Paul O’Montis

Paul O’Montis was born Paul Wendel,  in Budapest on April 3rd 1894.

He was brought up and spent most of his youth in Hannover before moving to Berlin in 1924, where he began performing in cabarets. He was an accomplished singer, comedian and impersonator.

His style was witty and, at times, bawdy incorporating double-entendres, puns and nonsense rhyming couplets. His homosexuality was open and integral to his stage persona.

He is credited as a writer for two films ‘Das Diadem der Zarin’ made in Germany in 1922 and  ‘Der Mann mit der Eisernen Maske’ made in Austria in 1923.

He was ‘discovered’ by Friedrich Holländer in 1926 and appeared in his revue ‘Laterna Magica’ at the Charlotte-Casino in the Kurfürstendamm, alongside Paul Graetz and Kurt Gerron.

By 1927 he had made his first record on the Odeon label, accompanied by violinist Bela Dajos and his Dance Orchestra, the first of over 70 recordings he was to make for the label. He signed to Deutsche Grammophon in 1929 where he recorded with stars such as  Paul Godwin and even Mischa Spoliansky.

He was a regular face at a variety of Berlin cabaret venues including The Scala and The Wintergarten, and also at Cabaret Corso in Hamburg, he was also regularly heard on the radio.

“Paul O’Montis has the technique to present the most banal fashionable songs in a way that makes them enjoyable for a sophisticated person, because he, standing above them, satirises them wittily at the same time.”

Max Hermann-Neiße, Berliner Tageblatt, 15th June 1926.

 After the Nazi’s came to power in 1933, he fled to Austria and settled in Vienna performing at The Ronacher Variete Theatre and The Wiener Volkstheater.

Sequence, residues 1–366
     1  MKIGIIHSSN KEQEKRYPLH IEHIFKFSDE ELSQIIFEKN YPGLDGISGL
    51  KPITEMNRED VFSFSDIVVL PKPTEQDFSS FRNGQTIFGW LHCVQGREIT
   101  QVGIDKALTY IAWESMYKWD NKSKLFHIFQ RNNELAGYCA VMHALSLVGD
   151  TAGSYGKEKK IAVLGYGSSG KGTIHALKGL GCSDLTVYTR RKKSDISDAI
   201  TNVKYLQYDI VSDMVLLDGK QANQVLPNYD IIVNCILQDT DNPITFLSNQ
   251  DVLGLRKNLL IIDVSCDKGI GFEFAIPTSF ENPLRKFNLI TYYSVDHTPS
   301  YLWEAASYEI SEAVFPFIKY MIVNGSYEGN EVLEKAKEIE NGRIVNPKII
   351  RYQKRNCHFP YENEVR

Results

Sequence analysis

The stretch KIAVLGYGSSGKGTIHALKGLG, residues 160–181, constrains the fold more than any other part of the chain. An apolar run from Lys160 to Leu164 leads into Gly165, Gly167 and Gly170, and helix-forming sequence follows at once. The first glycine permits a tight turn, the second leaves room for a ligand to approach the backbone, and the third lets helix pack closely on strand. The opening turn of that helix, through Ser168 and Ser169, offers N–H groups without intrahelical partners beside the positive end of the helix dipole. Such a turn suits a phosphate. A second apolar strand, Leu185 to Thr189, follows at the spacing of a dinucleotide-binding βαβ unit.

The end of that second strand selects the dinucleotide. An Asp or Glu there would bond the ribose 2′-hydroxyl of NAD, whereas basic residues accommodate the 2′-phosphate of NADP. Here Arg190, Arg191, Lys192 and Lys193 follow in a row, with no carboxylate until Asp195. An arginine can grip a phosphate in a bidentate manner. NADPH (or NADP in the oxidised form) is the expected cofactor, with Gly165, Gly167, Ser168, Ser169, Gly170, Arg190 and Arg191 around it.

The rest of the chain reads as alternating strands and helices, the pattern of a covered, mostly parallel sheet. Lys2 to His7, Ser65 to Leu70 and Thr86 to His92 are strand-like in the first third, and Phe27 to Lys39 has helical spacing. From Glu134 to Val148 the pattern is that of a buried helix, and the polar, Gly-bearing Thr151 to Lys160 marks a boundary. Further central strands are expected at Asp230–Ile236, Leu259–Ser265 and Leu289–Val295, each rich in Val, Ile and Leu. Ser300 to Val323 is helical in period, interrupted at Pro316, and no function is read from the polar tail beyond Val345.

He was forced to flee again after the annexation of Austria in 1938, this time to Prague. When German troops occupied Czechoslovakia in 1939, he was arrested and deported to Zagreb, initially, and then to Lodz in Poland.

In 1940 he was sent to the Sachsenhausen concentration camp where, as a Pink Triangle prisoner in isolation barracks, he survived just six weeks under the brutal conditions.   The official version that he had hanged himself in his cell is almost certainly untrue  and it is more likely he was tortured and beaten to death.  He was just 46 years old.

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2 Responses to Paul O’Montis

  1. Except that I like all of Paul O’Montis I like most the “Lost River Blues”, with Mischa Spolansky playing piano, on December 17, 1927. Unfortunately nobody so far has discovered the song for YouTube:

    Im Salon der Frau Janette nimmt Mister Brown den Tee;
    denn er schwärmt für die kokette reizende Pariser Fee.
    Sie streichelt zärtlich weiße Tasten,
    stumm lehnt er am Klavier,
    und als ihre Hände rasten,
    flüstert er zu ihr:

    Spiel mir den Lost River Blues, Lost River Blues
    singend und klingend und weich,
    mein alter Lost River Blues, Lost River Blues
    macht mich beglückt und reich.

    Er bringt mir Freude und Schmerz,
    süß rauschend und lind,
    liebkost mein sehnendes Herz
    wie die Mutter ihr Kind.

    Mein alter Lost River Blues, Lost River Blues
    klingt hold wie ein Heimatgruß.

    hmhmhm hmhmhmhm, hmhmhmhm
    singend und klingend und weich,
    hmhmhm hmhmhmhm, hmhmhmhm,
    macht mich beglückt und reich.

    Er bringt mir Freude und Schmerz ….

  2. Leon Gunther says:

    I would be extremely grateful if anyone could email the lyrics for the song “Kaddish” by O’Montis.
    All I can find are recordings.

    Here is a link to a recording:

    THANK you for trying.


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